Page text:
|Album Title:||Korea Club with Marcus Noland|
|Date:||November 18, 2014|
|Location:||Woo Lae Oak Korean Restaurant 8240 Leesburg Pike, Vienna, VA 22182|
Marcus Noland is the executive vice president and director of studies at the Peterson Institute for International Economics. From 2009 through 2012, he served as the Institute's deputy director. His research addresses a wide range of topics at the interstice of economics, political science, and international relations. In the past he has written extensively on the economies of Japan, Korea, and China, and is unique among American economists in having devoted serious scholarly effort to the problems of North Korea and the prospects for Korean unification. Previously, he served as senior economist at the Council of Economic Advisers in the Executive Office of the President of the United States and has held research and teaching positions at a number of establishments including Yale University, Korea Development Institute, Tokyo University and the East-West Center.
Dr. Noland is the recipient of the 2000–01 Ohira Memorial Award for his book Avoiding the Apocalypse: The Future of the Two Koreas. Other publications include: Korea after Kim Jong-il (2004), Witness to Transformation: Refugee Insights into North Korea (2011), The Arab Economies in a Changing World (2007), and Famine in North Korea: Markets, Aid, and Reform (Columbia University Press, 2007). Dr. Noland received his BA from Swarthmore College and his PhD from Johns Hopkins University.
Photography by Camilla Gulbrekken (HRNK Intern)
George Hutchinson's The Suryong, the Soldier, and Information in the KPA is the second of three building blocks of a multi-year HRNK project to examine North Korea's information environment. Hutchinson's thoroughly researched and sourced report addresses the circulation of information within the Korean People's Army (KPA). Understanding how KPA soldiers receive their information is needed to prepare information campaigns while taking into account all possible contingenc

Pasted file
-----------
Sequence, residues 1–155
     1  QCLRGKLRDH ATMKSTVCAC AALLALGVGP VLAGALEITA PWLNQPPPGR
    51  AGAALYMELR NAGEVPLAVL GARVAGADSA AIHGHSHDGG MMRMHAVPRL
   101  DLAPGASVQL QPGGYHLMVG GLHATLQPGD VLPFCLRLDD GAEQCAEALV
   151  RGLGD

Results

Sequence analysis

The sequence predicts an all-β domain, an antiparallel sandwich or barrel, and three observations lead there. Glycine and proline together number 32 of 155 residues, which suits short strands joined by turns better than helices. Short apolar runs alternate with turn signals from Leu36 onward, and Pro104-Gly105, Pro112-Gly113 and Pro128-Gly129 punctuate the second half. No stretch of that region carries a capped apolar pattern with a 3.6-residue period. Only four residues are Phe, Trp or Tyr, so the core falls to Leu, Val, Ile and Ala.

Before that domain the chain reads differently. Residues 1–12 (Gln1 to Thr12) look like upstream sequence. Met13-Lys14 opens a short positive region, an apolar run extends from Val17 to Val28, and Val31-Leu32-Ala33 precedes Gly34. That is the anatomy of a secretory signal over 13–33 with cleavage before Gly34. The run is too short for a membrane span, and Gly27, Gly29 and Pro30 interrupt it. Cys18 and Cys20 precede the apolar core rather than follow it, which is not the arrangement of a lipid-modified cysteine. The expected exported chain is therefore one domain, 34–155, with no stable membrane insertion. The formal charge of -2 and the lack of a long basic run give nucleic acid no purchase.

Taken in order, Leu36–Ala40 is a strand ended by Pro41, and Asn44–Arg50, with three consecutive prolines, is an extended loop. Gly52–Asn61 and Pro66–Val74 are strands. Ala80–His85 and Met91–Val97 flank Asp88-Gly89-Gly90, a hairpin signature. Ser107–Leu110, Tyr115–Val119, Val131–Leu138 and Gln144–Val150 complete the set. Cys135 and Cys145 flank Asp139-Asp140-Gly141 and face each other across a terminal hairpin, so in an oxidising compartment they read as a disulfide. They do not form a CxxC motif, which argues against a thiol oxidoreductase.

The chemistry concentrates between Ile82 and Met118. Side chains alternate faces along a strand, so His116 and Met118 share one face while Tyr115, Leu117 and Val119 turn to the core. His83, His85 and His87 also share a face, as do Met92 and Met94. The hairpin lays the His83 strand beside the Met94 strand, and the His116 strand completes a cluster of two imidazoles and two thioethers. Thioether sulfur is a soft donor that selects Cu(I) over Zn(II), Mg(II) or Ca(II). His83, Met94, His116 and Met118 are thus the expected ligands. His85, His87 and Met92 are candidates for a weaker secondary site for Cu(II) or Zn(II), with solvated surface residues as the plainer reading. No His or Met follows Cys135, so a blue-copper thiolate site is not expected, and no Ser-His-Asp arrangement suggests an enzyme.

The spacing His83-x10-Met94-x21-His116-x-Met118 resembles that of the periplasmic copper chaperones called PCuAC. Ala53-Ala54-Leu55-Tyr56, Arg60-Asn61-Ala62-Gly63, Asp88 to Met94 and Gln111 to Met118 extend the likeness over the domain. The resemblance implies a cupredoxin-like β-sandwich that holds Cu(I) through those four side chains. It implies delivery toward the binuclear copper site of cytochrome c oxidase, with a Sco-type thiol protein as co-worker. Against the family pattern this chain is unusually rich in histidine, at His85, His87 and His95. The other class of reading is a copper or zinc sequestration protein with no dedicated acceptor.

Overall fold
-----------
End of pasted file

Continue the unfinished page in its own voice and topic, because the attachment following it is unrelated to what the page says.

This report is part of a comprehensive long-term project undertaken by HRNK to use satellite imagery and former prisoner interviews to shed light on human suffering in North Korea by monitoring activity at political prison facilities throughout the nation. This is the second HRNK satellite imagery report detailing activity observed during 2015 to 2021 at a prison facility commonly identified by former prisoners and researchers as “Kwan-li-so No. 14 Kaech’ŏn” (39.646810, 126.117058) and
This report is part of a comprehensive long-term project undertaken by HRNK to use satellite imagery and former prisoner interviews to shed light on human suffering in North Korea by monitoring activity at civil and political prison facilities throughout the nation. This study details activity observed during 1968–1977 and 2002–2021 at a prison facility commonly identified by former prisoners and researchers as "Kyo-hwa-so No. 3, T'osŏng-ni" and endeavors to e
This report is part of a comprehensive long-term project undertaken by HRNK to use satellite imagery and former detainee interviews to shed light on human suffering in the Democratic People’s Republic of Korea (DPRK, more commonly known as North Korea) by monitoring activity at political prison facilities throughout the nation. This report provides an abbreviated update to our previous reports on a long-term political prison commonly identified by former prisoners and researchers as Kwan-li-so
Through satellite imagery analysis and witness testimony, HRNK has identified a previously unknown potential kyo-hwa-so long-term prison-labor facility at Sŏnhwa-dong (선화동) P’ihyŏn-gun, P’yŏngan-bukto, North Korea. While this facility appears to be operational and well maintained, further imagery analysis and witness testimony collection will be necessary in order to irrefutably confirm that Sŏnhwa-dong is a kyo-hwa-so.
"North Korea’s Long-term Prison-Labor Facility Kyo-hwa-so No. 8, Sŭngho-ri (승호리) - Update" is the latest report under a long-term project employing satellite imagery analysis and former political prisoner testimony to shed light on human suffering in North Korea's prison camps.
Human Rights in the Democratic Republic of Korea: The Role of the United Nations" is HRNK's 50th report in our 20-year history. This is even more meaningful as David Hawk's "Hidden Gulag" (2003) was the first report published by HRNK. In his latest report, Hawk details efforts by many UN member states and by the UN’s committees, projects and procedures to promote and protect human rights in the DPRK. The report highlights North Korea’s shifts in its approach
South Africa’s Apartheid and North Korea’s Songbun: Parallels in Crimes against Humanity by Robert Collins underlines similarities between two systematically, deliberately, and thoroughly discriminatory repressive systems. This project began with expert testimony Collins submitted as part of a joint investigation and documentation project scrutinizing human rights violations committed at North Korea’s short-term detention facilities, conducted by the Committee for Human Rights